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Savory Ingredients in Cocktails

Chefs, be forewarned. Your resident mixologists may well be raiding the walk-in searching for fresh ingredients to incorporate into their cocktails. High on their hit lists are cucumbers, chopped cilantro and basil, green peppers and jalapeños, tarragon and lemon verbena, and fruit of every type and description. They know that creamy sweet drinks are falling out of fashion, losing ground to cocktails with exuberant, garden fresh flavors and herbal and spicy profiles.

One of the leading advocates of the fresh movement is Adam Seger, general manager, sommelier and world-class bar chef at downtown Chicago's Nacional 27.

“When you break down the barriers between your bar and kitchen, good things happen. The best cocktails are crafted using the freshest ingredients, so open up the kitchen prep coolers to your mixologists. Not only will your bar begin serving more vital and flavorful drinks, but you'll also consolidate prep labor costs, increase produce turnover, and create exciting food and cocktail flavor bridges.”

Two recent Seger creations prove his point. The Balsamic Strawberry Mojito is a savory masterpiece prepared by muddling in an empty mixing glass a small handful of fresh mint leaves, strawberries, brown sugar and lime wedges, after which he stirs in a jigger of 10 Cane Rum, adds ice, a healthy dose of sparkling water, and a ½-teaspoon drizzle of aged balsamic vinegar. The bestselling cocktail is delicious and delightfully aromatic.

Seger's altogether savory Garden Fresh Mojitonico features muddled cucumbers, green tomatoes and fresh herbs, Plymouth Gin, tonic water and a lime wedge garnish. The ingredients meld seamlessly into a delightfully spry cocktail. Says Seger, “Even people who say that they don't usually care for gin really like this drink.”

Another who specializes in concocting fresh, savory cocktails is Jim Meehan, noted author and master mixologist currently in residence at the Gramercy Tavern in New York City. He contends that herbal, or spicy, cocktails are more in step with contemporary tastes than are sweet ones.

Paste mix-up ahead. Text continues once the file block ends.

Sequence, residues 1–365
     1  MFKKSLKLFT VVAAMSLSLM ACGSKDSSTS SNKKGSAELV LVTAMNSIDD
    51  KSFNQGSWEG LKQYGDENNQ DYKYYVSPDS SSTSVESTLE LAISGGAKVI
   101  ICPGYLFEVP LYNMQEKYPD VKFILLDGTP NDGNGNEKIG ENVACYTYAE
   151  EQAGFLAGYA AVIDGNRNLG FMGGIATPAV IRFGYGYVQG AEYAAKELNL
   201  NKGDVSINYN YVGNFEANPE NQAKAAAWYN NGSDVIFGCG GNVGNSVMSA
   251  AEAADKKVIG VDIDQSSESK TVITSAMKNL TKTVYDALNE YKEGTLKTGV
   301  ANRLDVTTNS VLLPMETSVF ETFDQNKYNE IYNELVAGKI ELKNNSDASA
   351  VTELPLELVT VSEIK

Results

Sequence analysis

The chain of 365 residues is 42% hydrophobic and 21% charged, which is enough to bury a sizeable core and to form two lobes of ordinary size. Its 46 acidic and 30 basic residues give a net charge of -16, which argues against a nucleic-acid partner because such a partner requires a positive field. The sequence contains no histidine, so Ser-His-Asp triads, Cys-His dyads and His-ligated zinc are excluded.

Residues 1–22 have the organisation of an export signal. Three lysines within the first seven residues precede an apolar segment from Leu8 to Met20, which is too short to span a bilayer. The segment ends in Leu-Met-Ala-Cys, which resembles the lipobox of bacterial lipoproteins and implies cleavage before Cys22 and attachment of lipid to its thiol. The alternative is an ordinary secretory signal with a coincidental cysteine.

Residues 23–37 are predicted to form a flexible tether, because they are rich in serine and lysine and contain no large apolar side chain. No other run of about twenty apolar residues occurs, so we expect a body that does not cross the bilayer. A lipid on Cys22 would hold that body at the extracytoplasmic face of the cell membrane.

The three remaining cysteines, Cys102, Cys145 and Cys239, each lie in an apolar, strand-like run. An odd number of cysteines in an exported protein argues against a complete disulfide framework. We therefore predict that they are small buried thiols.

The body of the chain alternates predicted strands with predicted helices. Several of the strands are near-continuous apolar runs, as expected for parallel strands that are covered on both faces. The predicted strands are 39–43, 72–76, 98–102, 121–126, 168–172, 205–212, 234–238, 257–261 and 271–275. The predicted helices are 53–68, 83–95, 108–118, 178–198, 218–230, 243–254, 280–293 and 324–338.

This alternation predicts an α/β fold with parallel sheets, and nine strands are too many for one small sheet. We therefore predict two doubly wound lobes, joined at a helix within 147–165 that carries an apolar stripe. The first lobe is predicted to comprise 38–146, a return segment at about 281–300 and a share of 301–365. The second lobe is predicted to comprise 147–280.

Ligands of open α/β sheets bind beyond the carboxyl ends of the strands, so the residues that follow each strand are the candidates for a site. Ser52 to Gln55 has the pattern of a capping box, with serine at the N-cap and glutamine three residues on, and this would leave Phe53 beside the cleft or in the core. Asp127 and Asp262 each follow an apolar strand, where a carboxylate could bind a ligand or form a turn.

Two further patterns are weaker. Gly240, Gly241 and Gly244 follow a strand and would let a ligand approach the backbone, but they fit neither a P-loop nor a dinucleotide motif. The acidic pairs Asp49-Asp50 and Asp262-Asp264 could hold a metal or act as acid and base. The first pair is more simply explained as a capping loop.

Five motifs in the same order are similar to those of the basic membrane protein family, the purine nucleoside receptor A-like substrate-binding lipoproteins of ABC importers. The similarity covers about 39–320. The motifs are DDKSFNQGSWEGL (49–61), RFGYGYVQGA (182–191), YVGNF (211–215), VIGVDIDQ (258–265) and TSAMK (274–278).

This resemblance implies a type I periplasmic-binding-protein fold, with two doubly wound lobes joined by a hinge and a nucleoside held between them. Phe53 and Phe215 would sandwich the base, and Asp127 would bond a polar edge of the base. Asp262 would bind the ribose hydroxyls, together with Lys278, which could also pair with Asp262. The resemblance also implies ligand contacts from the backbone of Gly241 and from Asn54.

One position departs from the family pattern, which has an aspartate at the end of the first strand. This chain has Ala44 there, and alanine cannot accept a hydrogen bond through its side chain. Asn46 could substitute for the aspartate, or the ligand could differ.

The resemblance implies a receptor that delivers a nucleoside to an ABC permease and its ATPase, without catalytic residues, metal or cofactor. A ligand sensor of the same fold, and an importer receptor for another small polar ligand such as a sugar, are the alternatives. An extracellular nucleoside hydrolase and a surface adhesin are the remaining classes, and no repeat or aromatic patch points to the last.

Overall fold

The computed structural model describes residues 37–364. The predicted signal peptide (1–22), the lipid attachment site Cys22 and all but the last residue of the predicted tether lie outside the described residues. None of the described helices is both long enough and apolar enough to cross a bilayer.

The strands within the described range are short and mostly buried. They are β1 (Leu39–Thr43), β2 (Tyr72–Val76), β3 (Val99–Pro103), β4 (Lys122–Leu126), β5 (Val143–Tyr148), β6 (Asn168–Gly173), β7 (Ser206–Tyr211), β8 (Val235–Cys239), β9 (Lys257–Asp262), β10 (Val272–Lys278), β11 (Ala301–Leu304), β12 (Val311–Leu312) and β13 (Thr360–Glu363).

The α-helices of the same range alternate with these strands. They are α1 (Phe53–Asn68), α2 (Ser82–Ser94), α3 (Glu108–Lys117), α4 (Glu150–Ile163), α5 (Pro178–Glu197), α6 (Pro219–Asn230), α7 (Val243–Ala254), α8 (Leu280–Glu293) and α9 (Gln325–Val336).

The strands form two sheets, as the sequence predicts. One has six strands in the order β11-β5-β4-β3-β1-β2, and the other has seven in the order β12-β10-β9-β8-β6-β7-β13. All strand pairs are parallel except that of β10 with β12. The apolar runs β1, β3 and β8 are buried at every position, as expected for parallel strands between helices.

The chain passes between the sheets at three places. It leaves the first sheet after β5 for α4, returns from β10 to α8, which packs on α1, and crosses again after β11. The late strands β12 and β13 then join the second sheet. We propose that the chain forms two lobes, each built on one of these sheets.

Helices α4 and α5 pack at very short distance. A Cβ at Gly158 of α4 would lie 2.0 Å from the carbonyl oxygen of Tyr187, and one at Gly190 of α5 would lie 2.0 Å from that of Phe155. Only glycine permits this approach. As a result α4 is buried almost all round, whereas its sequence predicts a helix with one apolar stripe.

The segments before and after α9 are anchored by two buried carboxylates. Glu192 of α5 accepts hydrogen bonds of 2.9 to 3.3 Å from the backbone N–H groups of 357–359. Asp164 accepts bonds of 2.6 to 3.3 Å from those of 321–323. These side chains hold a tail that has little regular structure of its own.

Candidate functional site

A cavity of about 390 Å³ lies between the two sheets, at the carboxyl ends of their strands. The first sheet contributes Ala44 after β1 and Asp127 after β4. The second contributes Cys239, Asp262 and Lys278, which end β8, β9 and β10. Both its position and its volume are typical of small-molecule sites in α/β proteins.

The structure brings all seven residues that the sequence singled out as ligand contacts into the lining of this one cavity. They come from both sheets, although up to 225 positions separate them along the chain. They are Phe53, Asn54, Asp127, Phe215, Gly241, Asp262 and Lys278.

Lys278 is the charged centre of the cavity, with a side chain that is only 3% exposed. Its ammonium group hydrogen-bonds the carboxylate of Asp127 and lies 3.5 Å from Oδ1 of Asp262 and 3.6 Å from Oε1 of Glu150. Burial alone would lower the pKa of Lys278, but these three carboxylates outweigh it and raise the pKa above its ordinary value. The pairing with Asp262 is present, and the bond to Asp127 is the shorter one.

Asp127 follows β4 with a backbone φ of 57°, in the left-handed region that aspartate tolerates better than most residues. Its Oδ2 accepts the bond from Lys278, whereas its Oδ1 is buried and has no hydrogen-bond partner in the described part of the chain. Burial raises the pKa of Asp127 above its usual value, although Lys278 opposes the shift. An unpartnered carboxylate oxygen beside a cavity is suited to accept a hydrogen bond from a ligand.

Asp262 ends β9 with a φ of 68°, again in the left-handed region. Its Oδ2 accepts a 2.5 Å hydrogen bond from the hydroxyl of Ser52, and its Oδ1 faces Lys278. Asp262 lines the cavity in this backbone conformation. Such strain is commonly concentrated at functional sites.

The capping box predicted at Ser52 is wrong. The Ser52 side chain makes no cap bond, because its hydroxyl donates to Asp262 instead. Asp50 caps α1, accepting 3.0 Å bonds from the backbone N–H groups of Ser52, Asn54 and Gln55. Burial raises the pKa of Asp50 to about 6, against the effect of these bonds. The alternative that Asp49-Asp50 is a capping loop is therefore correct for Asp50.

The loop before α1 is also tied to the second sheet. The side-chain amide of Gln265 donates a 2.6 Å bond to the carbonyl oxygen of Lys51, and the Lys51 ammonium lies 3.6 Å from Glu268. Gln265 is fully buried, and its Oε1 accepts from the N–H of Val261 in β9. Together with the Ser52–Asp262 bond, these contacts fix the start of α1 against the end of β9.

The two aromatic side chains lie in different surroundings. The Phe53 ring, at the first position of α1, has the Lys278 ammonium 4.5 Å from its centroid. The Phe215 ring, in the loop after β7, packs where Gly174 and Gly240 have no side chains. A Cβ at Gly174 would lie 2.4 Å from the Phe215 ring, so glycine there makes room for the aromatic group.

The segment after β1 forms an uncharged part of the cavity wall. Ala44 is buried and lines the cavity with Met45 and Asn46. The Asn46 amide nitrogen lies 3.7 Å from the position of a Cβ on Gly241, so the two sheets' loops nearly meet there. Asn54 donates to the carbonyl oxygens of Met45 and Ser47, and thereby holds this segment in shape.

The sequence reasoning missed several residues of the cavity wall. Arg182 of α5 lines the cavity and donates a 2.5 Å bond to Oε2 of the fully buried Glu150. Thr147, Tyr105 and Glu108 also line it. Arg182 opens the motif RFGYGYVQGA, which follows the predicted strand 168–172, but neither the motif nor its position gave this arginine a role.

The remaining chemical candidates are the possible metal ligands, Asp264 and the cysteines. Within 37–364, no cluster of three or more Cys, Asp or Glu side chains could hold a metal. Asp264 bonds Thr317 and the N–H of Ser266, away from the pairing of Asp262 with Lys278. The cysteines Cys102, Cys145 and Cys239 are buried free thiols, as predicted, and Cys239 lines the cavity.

“In New York City, we get great local produce from June to September, and it would be a waste to not to use as much of it as possible when making drinks. The herbaceous flavors of gin and tequila work especially well with herbs, fruits, and vegetables,” says Meehan.

As evidence he points to the Jimador's Harvest, a refreshing and vibrant cocktail constructed by muddling together Thai basil leaves, cucumber slices, and a half shot of St-Germaine Elderflower liqueur. After the ingredients are muddled, Meehan adds Jose Cuervo Platino Tequila and ruby red grapefruit juice, shakes the drink with ice, and then double strains it into a chilled coupe glass.

Kumo Restaurant is a chic Japanese restaurant in West Hollywood. There, bar chef James Bobby creates specialty cocktails that complement the European-influenced Japanese cuisine, utilizing a variety of ingredients not often found in cocktails including black vinegar, dill and ginger, teamed with unique herb garnishes such as lavender salt rims and red shiso leafs.

His latest tour de force is the Black Margarita, an attractive, exuberant cocktail made with Patrón Silver Tequila, Patrón Citrónge, fresh lime juice, simple syrup, and a measure of black vinegar. The drink is shaken and served over ice in a glass with a lavender salt rim.

The Mekong Martini is a signature at Bong Su, a contemporary Vietnamese restaurant in San Francisco's urbane South of Market district. The martini is prepared with gin, chopped cilantro, two slices of jalapeño and fresh lemon sour mix. The ingredients are hand-shaken vigorously, poured through a fine mesh strainer and served in a chilled cocktail glass. The production value alone makes it a work of art.

Like comfort foods, these savory drinks made with kitchen-fresh ingredients stimulate a broad swath of the palate, and play directly to the pleasure center in our brains. Perhaps more important, they're cocktails that people can easily sip on throughout an evening without the drinks losing their appeal.

Robert Plotkin is a judge at the San Francisco World Spirits Competition and the author of 16 books.